Poetry International Poetry International

Ruth Lasters

Ruth Lasters

Ruth Lasters

(Belgium, 1979)

Quick introduction

For poet and author Ruth Lasters, writing is the most delightful version of brooding. In this regard, poetry is the place to do thinking exercises in complete freedom. She invents new words, omits words where you would expect them and manipulates the rules of language to her own will. By distorting reality, she makes you look at it with crystal-clear eyes. Her language is clear, her tone (self) relativizing. She counters cynicism and despair with tenderness, gentle irony and absurd humor. As Antwerp's City Poet, Lasters made headlines in late 2022 when she resigned her post after the City of Antwerp rejected her poem about the education system she wrote with her students. For her collection Lichtmeters (2016) Lasters was shortlisted for the VSB Poetry Prize and awarded the Herman de Coninck Prize. In 2015 and 2022, she won the (Turing) Gedichtenwedstrijd. She was previously a guest at the 2016 Poetry International Festival. 

Full bio

She connects a football game to the way our brain works, and flashing neon lights remind her of her own futility. Ruth Laster's (Antwerpen, 1979) poetry is characterized by playful leaps of the mind, yet they are never banal.

Lasters, who works as a teacher in secondary education, made her debut in 2007 with Vouwplannen (Folding Plans). Her second and most recent volume of poetry Lichtmeters (Light Meters) followed after an eight-year hiatus and was awarded the Herman de Coninckprijs 2016. Besides poetry, she writes novels, columns and opinion.

As a poet she is often inspired by objects from everyday life, such as black umbrella's or cherries lying on a plastic table cloth. Her language is clear, her tone shows an ability to put herself into perspective. She counters cynicism and desperation with tenderness, mild irony and absurdist humor. That way she tames disillusions ‘as sluggish, wet/ dogs. Preferably in a high// cornfield rustling so loud that my dissapointments seem to run ahead of me’.

For Lasters, poetry is the number one place where she can exercise her thought in complete freedom. For that, she invents new words, leaving them out where you would expect them and tweaking the rules of grammar to fit her own idiosyncratic use of them. With the sense of purpose and curiosity of a scientist, she lets her imagination loose on the human species: she examines why elderly people walk with their backs hunched and wonders why we as humans don't form v-formations when afraid. Or she fantasizes about a place where you could relive the discovery of sorbet ice and the electron. And the glass of old window-panes she wants to make into sand again: ‘in a bucket, opaque/ and so finally themselves truly/ observable’.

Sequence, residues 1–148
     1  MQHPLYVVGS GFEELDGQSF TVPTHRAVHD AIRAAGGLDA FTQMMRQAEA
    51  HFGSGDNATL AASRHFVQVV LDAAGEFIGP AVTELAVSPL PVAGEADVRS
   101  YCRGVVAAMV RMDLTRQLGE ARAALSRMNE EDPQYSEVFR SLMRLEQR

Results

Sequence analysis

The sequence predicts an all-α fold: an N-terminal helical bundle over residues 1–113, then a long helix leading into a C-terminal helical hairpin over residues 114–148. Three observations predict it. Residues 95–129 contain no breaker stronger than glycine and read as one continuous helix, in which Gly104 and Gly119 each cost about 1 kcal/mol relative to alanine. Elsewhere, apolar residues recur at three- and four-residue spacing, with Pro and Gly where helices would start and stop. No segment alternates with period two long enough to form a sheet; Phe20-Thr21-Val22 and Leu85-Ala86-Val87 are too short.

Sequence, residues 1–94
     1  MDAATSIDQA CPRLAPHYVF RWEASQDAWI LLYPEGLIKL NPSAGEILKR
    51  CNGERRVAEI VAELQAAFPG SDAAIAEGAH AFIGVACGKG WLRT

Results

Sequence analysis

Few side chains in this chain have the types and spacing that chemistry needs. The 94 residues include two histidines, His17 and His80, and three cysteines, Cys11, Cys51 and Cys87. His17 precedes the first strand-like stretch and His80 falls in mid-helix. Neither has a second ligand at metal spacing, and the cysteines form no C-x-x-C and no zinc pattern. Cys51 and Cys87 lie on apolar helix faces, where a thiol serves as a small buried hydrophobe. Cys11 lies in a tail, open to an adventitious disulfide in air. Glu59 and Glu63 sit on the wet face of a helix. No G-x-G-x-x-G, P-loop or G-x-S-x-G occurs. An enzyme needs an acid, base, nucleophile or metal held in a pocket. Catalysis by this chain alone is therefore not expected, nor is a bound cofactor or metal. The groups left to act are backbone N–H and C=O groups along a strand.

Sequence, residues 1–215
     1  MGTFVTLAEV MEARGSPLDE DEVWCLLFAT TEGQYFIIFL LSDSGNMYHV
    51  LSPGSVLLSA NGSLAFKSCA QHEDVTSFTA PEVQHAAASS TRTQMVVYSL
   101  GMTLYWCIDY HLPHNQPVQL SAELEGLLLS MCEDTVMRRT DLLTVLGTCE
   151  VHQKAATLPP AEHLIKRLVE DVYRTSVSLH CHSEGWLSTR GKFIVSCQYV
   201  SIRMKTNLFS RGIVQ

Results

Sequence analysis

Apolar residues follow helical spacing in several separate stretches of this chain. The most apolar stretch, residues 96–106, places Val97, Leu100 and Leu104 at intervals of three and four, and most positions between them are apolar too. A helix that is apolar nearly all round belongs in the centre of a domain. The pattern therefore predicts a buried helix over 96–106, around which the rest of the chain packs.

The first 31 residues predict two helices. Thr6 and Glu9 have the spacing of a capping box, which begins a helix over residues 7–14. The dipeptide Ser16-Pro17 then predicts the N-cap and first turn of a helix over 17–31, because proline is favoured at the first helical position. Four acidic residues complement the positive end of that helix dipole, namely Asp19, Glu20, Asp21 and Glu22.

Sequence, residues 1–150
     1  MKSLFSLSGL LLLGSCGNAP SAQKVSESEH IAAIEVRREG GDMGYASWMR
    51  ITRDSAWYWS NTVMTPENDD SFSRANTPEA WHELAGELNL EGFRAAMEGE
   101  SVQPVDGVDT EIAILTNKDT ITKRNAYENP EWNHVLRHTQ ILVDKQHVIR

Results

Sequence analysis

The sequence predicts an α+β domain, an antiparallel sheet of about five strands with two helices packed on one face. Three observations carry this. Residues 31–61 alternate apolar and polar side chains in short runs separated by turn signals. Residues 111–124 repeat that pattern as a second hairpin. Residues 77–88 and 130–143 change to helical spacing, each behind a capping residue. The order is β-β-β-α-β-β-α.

Lasters employs language as a magnifying glass: she twists reality to see with a crystal-clear vision, against the loss of wonder, and for the gusto of discovery.

VSB Prize jury about ‘Lichtmeters’ (Light Meters’)

In ‘Lichtmeters’, Ruth Lasters operates with a pair of silver scissors, filleting modern society affectionately, but uncompromisingly. She uses powerful images to show how our intimacy is under pressure, but also how precarious situations can bring out the spiritedness of individuals. At the same time, she has an eye for disquieting developments in society - such as globalisation, climate change and technology. ‘Lichtmeters’ is a contemporary collection, written with almost unerring precision and an immense feeling for style. These poems are evidence of both a panoramic view and a perfect eye for detail.

© Cathérine De Kock (Translated by Frank Keizer)


Vouwplannen (Folding Plans), Meulenhoff/Manteau, Antwerp, 2007
Lichtmeters (Light Measurers), Polis, Antwerp, 2015


Ruth Lasters' personal website

Gemeente Rotterdam
Nederlands Letterenfonds
Stichting Van Beuningen Peterich-fonds
Prins Bernhard cultuurfonds
Lira fonds
J.E. Jurriaanse
Gefinancierd door de Europese Unie
Elise Mathilde Fonds
Stichting Verzameling van Wijngaarden-Boot
LantarenVenster – Verhalenhuis Belvédère